Eat Up!

October 22, 2012 at 5:15 am Leave a comment


Brad Pitt 2In the 2001 remake of the famed heist film, Ocean’s 11, I found my favorite character to be Rusty Ryan, played by Brad Pitt.  Do I like him because he has the raw street smarts to pull off a $150 million heist at three Las Vegas Casinos simultaneously?  Nope.  Do I like him because he is able to coolly keep his partner, played by George Clooney, in check when as he plans this job only to impress his ex-wife?  Not really.  The reason I like Brad Pitt is because, in almost every scene, Brad Pitt is found chowing down on some piece of junk food.  Indeed, this turned into an intentional gag, as Pitt later himself admitted: “I started eating, and couldn’t stop. I don’t know what happened. It’s just the idea that you never have time to sit down and have a meal while you’re trying to pull off this heist, so my character is grabbing food all the time.”  Now there’s a man after my own heart.  He starts eating and he can’t stop.  I know the feeling.

In Luke 14, Jesus seems to be always eating.  The chapter opens:  “One Sabbath, Jesus went to eat in the house of a prominent Pharisee” (verse 1).  From there, the food motif continues.  Jesus tells a parable:  “When someone invites you to a wedding feast, do not take the place of honor, for a person more distinguished than you may have been invited” (verse 8).  He then follows up this food-based parable with another meal metaphor:  “When you give a luncheon or dinner, do not invite your friends, your brothers or relatives, or your rich neighbors; if you do, they may invite you back and so you will be repaid” (verse 12).  What is Jesus’ obsession with food?  Is this some kind of intentional gag?

It is indeed intentional, but it is certainly no gag.  The majority of people in the Ancient Near East subsided on next to nothing.  That is, rather than having a super-abundance of food, they lived on scarcity.  One famine, one drought, or one natural disaster could kill hundreds of thousands of people because they had few reserves in place to stymie a crisis.  Thus, the Old Testament prophets would often promise a day when people would no longer have to contend with these restricted resources.  They would speak of a day of feasting.  The prophet Isaiah writes, for instance, “The LORD Almighty will prepare a feast of rich food for all peoples, a banquet of aged wine – the best of meats and the finest of wines” (Isaiah 25:6).  The Psalmist promises likewise:  “Those that be planted in the house of the LORD shall flourish in the courts of our God. They shall still bring forth fruit in old age; they shall be fat and flourishing” (Psalm 92:13-14).  In our day, a promise of fatness is hardly desirable.  But in the first century, when food was scarce, a promise of fatness was a promise of provision.  It was a promise of a lavish feast.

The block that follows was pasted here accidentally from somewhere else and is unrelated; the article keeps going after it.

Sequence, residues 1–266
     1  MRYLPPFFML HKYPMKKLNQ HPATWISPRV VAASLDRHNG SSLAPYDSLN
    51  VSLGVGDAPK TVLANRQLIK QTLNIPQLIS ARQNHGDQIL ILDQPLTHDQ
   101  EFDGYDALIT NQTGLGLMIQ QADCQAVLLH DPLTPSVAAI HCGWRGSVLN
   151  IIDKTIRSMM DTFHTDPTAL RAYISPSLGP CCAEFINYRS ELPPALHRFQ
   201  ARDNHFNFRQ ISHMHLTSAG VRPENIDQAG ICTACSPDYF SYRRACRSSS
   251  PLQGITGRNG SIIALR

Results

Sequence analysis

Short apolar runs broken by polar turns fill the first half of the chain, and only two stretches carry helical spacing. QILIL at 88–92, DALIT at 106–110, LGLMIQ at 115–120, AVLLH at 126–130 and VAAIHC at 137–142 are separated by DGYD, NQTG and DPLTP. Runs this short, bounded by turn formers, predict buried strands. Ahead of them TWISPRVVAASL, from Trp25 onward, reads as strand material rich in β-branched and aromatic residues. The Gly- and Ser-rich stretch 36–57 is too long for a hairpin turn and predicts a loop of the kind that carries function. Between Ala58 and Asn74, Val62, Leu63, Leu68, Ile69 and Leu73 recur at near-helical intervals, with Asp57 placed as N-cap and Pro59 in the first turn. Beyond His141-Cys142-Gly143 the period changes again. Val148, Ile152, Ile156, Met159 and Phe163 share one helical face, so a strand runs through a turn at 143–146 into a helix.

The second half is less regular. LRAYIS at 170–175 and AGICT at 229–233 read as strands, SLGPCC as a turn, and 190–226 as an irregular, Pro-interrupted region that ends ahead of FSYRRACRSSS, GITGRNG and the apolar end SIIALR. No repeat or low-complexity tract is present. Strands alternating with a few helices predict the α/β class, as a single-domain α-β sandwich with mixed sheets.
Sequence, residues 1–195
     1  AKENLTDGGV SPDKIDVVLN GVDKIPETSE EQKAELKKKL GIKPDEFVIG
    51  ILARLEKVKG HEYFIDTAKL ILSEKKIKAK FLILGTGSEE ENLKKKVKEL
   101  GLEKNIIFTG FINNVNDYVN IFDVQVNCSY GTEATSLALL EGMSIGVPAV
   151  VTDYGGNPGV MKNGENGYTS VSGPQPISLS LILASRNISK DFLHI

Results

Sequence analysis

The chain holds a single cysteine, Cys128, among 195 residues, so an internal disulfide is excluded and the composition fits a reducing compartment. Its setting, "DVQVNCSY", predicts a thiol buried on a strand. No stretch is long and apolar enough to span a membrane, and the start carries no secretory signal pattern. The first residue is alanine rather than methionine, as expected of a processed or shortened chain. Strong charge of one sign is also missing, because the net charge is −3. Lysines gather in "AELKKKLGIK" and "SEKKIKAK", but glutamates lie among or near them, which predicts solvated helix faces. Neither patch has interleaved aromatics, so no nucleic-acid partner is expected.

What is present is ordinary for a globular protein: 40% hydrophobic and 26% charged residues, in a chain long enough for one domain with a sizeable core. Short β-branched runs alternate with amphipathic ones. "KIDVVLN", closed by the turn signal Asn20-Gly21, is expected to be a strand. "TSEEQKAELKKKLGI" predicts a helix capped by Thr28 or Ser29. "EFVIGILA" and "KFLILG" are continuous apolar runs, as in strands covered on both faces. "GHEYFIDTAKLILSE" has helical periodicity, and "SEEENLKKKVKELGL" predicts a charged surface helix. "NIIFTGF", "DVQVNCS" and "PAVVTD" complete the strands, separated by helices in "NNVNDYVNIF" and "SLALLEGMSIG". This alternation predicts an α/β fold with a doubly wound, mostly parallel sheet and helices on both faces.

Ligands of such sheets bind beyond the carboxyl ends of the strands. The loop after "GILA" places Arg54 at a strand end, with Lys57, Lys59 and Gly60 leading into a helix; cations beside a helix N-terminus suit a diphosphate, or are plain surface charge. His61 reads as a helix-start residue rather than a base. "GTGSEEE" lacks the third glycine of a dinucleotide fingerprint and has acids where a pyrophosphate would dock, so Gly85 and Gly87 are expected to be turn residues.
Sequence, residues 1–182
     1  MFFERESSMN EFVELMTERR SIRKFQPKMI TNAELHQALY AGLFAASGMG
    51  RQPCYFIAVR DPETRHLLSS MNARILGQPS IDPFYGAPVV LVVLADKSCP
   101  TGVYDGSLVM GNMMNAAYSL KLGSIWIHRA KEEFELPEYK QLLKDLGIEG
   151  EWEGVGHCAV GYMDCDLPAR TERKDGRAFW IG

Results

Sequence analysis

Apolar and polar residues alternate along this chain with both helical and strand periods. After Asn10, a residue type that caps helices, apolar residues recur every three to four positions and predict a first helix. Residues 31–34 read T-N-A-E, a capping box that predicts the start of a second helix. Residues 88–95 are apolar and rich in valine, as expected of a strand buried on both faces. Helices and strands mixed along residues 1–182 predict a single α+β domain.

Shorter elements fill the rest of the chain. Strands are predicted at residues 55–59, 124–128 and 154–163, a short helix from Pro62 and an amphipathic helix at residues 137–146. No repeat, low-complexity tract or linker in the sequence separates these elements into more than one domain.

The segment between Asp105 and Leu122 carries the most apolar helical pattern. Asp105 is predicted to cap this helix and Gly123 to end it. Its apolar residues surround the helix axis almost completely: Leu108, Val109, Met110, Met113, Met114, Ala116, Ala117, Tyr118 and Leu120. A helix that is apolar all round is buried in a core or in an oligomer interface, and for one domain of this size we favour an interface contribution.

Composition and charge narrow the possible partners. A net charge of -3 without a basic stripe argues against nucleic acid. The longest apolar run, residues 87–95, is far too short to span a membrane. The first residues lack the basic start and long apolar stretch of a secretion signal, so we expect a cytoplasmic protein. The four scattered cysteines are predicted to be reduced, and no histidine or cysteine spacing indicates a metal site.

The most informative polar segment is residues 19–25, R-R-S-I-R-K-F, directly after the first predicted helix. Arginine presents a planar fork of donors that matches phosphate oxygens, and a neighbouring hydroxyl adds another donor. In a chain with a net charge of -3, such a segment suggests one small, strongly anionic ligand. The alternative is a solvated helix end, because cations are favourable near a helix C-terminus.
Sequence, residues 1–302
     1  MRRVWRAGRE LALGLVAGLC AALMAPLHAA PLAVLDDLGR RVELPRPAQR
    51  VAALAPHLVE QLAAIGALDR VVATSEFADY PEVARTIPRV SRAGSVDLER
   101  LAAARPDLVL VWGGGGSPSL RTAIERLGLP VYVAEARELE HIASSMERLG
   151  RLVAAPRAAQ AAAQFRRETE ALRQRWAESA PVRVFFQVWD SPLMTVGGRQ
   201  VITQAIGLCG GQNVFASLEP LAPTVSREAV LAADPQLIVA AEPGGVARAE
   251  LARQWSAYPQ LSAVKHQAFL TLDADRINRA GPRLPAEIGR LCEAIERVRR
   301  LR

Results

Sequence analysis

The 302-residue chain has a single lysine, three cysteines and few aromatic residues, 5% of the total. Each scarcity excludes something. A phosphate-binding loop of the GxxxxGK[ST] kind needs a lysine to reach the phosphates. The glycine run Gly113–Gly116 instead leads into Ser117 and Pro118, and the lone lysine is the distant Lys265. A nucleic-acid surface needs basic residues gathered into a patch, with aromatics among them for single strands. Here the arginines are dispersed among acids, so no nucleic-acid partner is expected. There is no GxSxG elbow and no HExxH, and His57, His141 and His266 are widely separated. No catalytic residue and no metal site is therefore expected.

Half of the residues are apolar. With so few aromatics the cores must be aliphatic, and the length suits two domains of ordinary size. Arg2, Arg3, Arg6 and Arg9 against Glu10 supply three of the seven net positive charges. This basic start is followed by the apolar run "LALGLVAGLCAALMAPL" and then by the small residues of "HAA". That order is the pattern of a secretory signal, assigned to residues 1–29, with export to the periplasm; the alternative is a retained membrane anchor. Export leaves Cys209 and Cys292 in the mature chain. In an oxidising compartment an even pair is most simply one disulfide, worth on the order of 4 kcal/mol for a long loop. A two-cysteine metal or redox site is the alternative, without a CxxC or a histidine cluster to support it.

When Jesus speaks of several feasts in Luke 14, He is saying:  “I am the fulfillment of God’s provisional promises.  With Me, God’s feast has come!”  This is why Jesus continues with yet another parable on food:

A certain man was preparing a great banquet and invited many guests. At the time of the banquet he sent his servant to tell those who had been invited, “Come, for everything is now ready.” But they all alike began to make excuses. The first said, “I have just bought a field, and I must go and see it. Please excuse me.” Another said, “I have just bought five yoke of oxen, and I’m on my way to try them out. Please excuse me.” Still another said, “I just got married, so I can’t come.” (verses 16-20)

It is important to understand that the excuses these guests offer as to why they cannot attend this king’s feast are offensive and disingenuous.  To turn down any invitation to share in a meal, much less to share in a lavish feast such as this one, would have been unthinkable in that day.  But this is what these ungrateful invitees do.  Thus, the king responds by ordering his servant: “Go out quickly into the streets and alleys of the town and bring in the poor, the crippled, the blind and the lame” (verse 21).  This king, one way or another, will have guests at his feast.  And these marginalized people will certainly not turn down the king’s invitation.  And indeed they don’t.  They come to the king’s feast.  But even after they come, the servant returns to his king and says, “Sir, what you ordered has been done, but there is still room.” (verses 21-22).

I love these words.  Even after the poor, the crippled, the blind, and lame fill the king’s banquet hall, there is still room.  There is still room for more feasters.  There is still room for more banqueters.  There is still room.

The king in the parable, of course, is Jesus Himself.  And the invitees to Jesus’ banquet are you and me.  We are invited to share in Jesus’ feast of salvation.  And here’s the good news:   There is still room.  There is still room enough for you to share in God’s salvation.  There is still room enough for you to share in God’s grace.  There is still room enough for you to share in God’s forgiveness.  There is still room enough for you.  So come to Jesus’ feast and share in His goodness.  After all, there is still room enough at His table…just for you.

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